On Friday, Sara A. Carter and I walked through the streets of Washington D.C. to cover a historic event. The 2020 March on Washington marked 57 years since Martin Luther King Jr.’s “I Have A Dream” speech and it brought out a crowd of passionate protestors wanting to bring about more change amid growing calls against police brutality.
The day was mostly peaceful, but the rhetoric was certainly extreme. Protestors walked with signs and some were leading chants against law enforcement.
Many wore the words “Black Lives Matter,” on t-shirts, hats, and masks. But, I spotted a group wearing an image that I’m all too familiar with that stuck out in a sea of “Black Lives Matter” merchandise. The group of at least three people, both White and Black, walked through the crowd. On their shirts was an image rooted in hate.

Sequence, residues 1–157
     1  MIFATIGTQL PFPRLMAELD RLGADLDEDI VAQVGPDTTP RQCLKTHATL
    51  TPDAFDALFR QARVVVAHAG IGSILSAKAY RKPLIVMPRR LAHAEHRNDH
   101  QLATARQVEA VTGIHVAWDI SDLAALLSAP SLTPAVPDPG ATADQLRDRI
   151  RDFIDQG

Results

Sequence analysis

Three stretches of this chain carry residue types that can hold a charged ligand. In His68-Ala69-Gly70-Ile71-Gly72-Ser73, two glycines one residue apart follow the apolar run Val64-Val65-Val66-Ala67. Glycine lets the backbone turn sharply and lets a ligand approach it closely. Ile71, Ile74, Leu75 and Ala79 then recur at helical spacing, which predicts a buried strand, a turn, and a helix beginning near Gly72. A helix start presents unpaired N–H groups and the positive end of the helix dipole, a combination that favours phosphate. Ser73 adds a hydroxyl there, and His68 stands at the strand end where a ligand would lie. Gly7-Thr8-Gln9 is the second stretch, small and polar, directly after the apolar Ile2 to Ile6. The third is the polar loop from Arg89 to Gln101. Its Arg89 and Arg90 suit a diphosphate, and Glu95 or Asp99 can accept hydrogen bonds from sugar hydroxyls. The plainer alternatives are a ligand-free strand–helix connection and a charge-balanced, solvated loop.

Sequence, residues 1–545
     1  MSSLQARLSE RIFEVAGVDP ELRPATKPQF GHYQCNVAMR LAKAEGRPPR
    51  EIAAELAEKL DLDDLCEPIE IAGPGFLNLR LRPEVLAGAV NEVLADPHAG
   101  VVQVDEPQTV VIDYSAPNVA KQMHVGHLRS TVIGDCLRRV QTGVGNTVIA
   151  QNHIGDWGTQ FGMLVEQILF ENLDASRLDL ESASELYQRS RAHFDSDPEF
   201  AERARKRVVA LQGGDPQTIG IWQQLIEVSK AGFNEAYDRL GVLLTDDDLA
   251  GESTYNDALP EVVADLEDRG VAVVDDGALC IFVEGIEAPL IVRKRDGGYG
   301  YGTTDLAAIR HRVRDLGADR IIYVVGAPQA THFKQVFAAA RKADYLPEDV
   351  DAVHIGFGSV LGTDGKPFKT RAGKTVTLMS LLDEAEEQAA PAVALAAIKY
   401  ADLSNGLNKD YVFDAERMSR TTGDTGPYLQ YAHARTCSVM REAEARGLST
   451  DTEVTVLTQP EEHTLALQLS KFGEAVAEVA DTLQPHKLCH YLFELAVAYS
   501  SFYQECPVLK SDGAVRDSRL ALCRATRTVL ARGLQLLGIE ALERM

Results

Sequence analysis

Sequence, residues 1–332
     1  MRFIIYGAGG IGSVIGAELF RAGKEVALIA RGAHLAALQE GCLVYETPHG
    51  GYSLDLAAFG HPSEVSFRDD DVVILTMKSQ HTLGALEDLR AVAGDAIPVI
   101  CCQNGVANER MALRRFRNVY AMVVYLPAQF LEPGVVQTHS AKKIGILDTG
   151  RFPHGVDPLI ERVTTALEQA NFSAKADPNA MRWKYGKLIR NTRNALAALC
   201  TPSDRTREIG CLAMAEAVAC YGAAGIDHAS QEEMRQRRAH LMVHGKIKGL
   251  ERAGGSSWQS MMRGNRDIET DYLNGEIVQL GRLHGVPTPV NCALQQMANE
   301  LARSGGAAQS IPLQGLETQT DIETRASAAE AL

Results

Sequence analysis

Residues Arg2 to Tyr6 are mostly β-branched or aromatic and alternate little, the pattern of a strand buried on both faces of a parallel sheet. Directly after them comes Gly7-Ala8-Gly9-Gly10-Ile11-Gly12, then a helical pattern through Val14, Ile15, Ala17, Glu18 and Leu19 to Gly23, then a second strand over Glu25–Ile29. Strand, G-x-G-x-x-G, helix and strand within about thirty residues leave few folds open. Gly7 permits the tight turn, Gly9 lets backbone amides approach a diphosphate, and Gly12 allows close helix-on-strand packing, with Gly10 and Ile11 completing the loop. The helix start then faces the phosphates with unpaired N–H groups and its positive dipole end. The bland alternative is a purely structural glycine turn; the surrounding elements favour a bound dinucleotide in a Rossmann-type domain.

The image was something I remembered from an antisemitic post on Twitter by rapper Ice Cube. He posted it in June when he was infamously posting a string of antisemitic tropes. His tweet was since deleted.
The one he shared and the same one on the group’s shirts showed the caricatures of Jewish businessmen playing the world as a game of Monopoly. And, in the image, the board game was supported on the backs of Black men.
The same image was removed from a wall in London in 2012. It was originally supported by Labour Party leader and known antisemite Jeremy Corbyn.